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SUrveying the Walking City Trail

The Boston Birding Festival is excited to partner with the WCT to bring greater attention to Boston’s urban green space and advocate for conservation and greater access to parks and nature.

Simply by birding the trail and sharing your observations, you can help create more awareness of important outdoor corridors and encourage greater access to and protection for green space in the city. The data you collect will help shape urban planning decisions, increase and direct conservation efforts toward neighborhoods that have been neglected, and contribute to a better understanding of Boston’s urban ecology.

Boston City Counselor Kendra Lara taking an ensemble selfie on a community WCT hike. (PHOTO COURTESY OF WCT)

About the Trail

The Walking City Trail is a 27-mile hiking path through some of Boston’s parks, urban wilds, gardens, and neighborhoods. The trail connects 17 diverse Boston neighborhoods from the Neponset River Reservation to the Bunker Hill Monument.

Originally imagined by Miles Howard, journalist and hiking guidebook author, the trail has quickly become a local favorite. Guided section hikes along the trail, co-organized with Boston City Councilor Kendra Lara  and Mothers Out Front sparked ideas for how the “WCT” could be expanded to include even more immersive green (and blue) spaces.

Two of the earliest WCT group hikers, Matthew Broude and Jules Murdza stepped up as fellow trail builders. In 2023, the Walking City Trail route was finalized.

Learn more about the Walking City Trail at https://www.bostontrails.org

HOW TO GET INVOLVED​

There are several ways to participate:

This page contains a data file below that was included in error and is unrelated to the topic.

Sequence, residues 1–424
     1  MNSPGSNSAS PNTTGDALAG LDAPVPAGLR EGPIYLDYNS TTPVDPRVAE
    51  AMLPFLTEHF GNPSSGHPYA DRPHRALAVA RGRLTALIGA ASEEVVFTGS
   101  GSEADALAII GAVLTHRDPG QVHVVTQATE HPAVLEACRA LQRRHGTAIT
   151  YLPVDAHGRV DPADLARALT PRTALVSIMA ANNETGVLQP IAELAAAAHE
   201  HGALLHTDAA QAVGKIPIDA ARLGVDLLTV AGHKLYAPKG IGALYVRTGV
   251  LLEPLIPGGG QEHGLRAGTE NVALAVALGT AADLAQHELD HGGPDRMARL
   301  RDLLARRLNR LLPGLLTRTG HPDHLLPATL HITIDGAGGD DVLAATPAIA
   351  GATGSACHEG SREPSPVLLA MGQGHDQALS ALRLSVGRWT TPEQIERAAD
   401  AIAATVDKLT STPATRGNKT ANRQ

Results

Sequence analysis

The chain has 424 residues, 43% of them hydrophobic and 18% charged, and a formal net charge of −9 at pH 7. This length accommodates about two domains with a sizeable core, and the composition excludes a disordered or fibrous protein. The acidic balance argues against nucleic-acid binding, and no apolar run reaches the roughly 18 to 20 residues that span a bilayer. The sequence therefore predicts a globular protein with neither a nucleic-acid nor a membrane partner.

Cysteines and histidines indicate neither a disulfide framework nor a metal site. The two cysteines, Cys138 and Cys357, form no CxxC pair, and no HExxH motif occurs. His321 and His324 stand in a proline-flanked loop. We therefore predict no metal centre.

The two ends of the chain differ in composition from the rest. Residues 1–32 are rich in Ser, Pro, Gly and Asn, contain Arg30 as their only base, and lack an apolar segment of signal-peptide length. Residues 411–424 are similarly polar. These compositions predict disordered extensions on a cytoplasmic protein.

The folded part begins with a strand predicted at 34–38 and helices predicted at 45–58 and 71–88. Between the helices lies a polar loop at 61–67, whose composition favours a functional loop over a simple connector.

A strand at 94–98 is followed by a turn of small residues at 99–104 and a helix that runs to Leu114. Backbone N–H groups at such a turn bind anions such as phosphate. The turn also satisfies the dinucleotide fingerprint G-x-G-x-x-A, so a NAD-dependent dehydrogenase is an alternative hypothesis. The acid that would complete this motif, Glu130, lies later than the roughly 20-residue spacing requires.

1. If you are a beginner birder, join one of the Boston Birding Festival’s  organized Walking City Trail Bird Walks. We’ll post the schedule with target trail segments here soon, or sign up for email.

2. Join one of the WCT’s walks and bird while hiking, then send us your list. You must also register in advance for a WCT walk.

3. Lead your own walk with your own group or bird club, family, class, book club, scout troop, church group, office, etc., and share your list with us (info below). If you need assistance, we can usually find a volunteer for you.

4. Walk a section of the trail on your own or with friends and share your observations with us. You can use our spreadsheet (sign up here first and we’ll send you a link) or you can email us a spreadsheet of your own and we’ll combine your data with the group data. If you can also share photos, that would be fantastic. Email reports to hello@bostonbirdingfestival.org and put WCT in the subject line. Thank you.

5. Volunteer to lead a bird survey yourself along a segment of the train, or to be one of this project’s administrators.

 Using community data, WCT is planning to publish a checklist sometime in 2026. Thank you!

WCTLogo

Sign up to be notified of organized walks and get updates on this project.

WANT TO SPONSOR A WALK?

Is your business or organization interested in sponsoring a WCT survey walk? Your support provides funding for walk leaders!.
A lush green woodland trail

SHERRIN WOODS in Hyde Park, Part of tHE WTC. PHOTO BY

Ducks on a pond

DUCKS ON JAMAICA POND. PHOTO BY , Creative Commons

SUBMIT YOUR LIST FOR THE PROJECT

Want tips on being a good surveyor? We’ve got you covered.  [LINK]

PS, yes, please report dead birds–see this other project. [LINK]

Download a copy of a list of Massachsetts birds. Here’s ours if you need one. [LINK]

Did you complete a walk? Share your data using this form. Submit this form with your checklist to add your data to the project. [LINK]

Or, if you are an eBird user, simply  share your list with BosBirdFest and we’ll compile it.

Rose-breasted Grosbeak in Arnold Arboretum, PHOTO BY

Want to get email updates on this project’s progress? Or assist in organizing this project? Sign up for email above.

Thank you!

We’ll send a confirmation and let you know in advance when the next walk is scheduled in your area. Thank you!

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